We are of the generation where when we were born, the good old Soviet Union was still alive though slowly inching towards its demise. With the eventual dissolution of USSR in 1991, where Russia emerged in its aftermath, who would have thought we would be back talking about U.S. vs. Russia in 2018?
With this past weekend’s election in Russia where Putin won by a huge margin — getting more than 76% of the vote — and with Mueller’s Russia investigation still making headlines, it is safe to assume that Russia has made a come back of some sort in recent news.
So with the current political climate in the back of our mind, we had a chance to check out the much-anticipated screening of “The Death of Stalin” (adapted from a French graphic novel) with director Armando Iannucci gracing his presence at a Q&A session afterward.
As Paul McCartney once belted, “I’m back in the USSR,” we dove into the fictional world of Stalin’s death to come back alive (figuratively) to share our thoughts.
Jeeah: I was quite excited to see this film come to realization as I’m a huge fan of Armando Iannucci’s work such as the “The Thick of It” and “In the Loop.” First off, I was impressed at the virtuoso performance by all the actors, but especially so with Steve Buscemi as Nikita Khrushchev and Simon Russell Beale as the notorious Lavrentiy Beria (head of the NKPD). For those who are familiar with Iannucci’s dark slap-stick comedy, the script was nuanced in a way that it contrasted the everyday killing/torturing/deportation of innocent civilians with the pettiness in Stalin’s inner circle as each of the Politburo members scrambled to come out on top after an untimely death of Stalin. Of course, we all know that Khrushchev went on to serve as the leader from 1953 to 1964 (toppled by his underling Brezhnev).
I also appreciated the fact that none of the actors took on a fake Russian accent. Iannucci noted that he wanted the actors to feel natural in their rapid-fire deliveries. So it made sense for them to speak in their native English dialects, which ranged from straightforward Yorkshire accent by General Zukhov (the only person who could lay it down with Stalin) to the loud and chatty Brooklynese embodied by Steve Buscemi’s Khrushchev. Overall, after letting all the grim nature of real historical facts sink in, I would definitely watch it again.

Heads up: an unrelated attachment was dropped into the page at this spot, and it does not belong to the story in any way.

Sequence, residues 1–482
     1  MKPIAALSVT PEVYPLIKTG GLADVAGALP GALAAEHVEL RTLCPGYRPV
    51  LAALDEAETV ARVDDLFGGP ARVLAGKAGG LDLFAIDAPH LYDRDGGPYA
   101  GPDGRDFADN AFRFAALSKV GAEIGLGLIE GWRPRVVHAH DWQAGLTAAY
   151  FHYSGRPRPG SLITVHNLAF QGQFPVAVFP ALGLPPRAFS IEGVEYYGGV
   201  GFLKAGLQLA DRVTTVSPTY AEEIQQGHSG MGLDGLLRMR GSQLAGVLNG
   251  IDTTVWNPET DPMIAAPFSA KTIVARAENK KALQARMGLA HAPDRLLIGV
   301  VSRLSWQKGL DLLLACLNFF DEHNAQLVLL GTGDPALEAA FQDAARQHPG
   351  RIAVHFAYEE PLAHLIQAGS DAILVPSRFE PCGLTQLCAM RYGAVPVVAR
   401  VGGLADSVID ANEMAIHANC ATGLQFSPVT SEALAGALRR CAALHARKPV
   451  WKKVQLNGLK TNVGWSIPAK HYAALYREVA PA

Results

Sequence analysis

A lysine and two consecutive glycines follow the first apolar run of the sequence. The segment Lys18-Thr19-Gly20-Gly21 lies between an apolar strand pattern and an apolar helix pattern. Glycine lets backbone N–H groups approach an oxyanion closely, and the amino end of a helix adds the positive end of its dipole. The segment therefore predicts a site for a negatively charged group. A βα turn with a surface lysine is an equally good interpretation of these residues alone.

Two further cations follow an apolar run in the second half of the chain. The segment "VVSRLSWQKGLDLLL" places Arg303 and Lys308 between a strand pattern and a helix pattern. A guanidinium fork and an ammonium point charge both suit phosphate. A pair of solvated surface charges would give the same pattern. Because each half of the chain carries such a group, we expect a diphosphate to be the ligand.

Kourtney: I have never seen anything quite like this movie, and I hope its success causes more movies in the same vein to be produced. While Iannucci admits that the timing and plot aren’t entirely accurate, it still gives the audience a good idea of the events surrounding the death of Stalin, one of the most influential people of the 20th Century. I enjoyed that it was a history class wrapped up in a dark comedy that let the audience laugh and learn at the same time. The screening and Q&A inspired me to go home and read up on these historical figures I had little knowledge or interest in, and I always appreciate media that spark intellectual curiosity.
The performances were stellar, the screenplay witty and well-paced, and the set design made it feel like it was shot in the USSR instead of modern-day London. Simon Russell Beale was the standout in a cast full of talent, and it was great that Iannucci was able to get a stage actor to play the part. Iannucci knew that Beale’s relatively unknown to most of us, and that anonymity (along with great performance) did help sell him as the morally-compromised Beria. Even if you have no interest in the history of the USSR, I’d recommend this movie for the entertainment factor alone.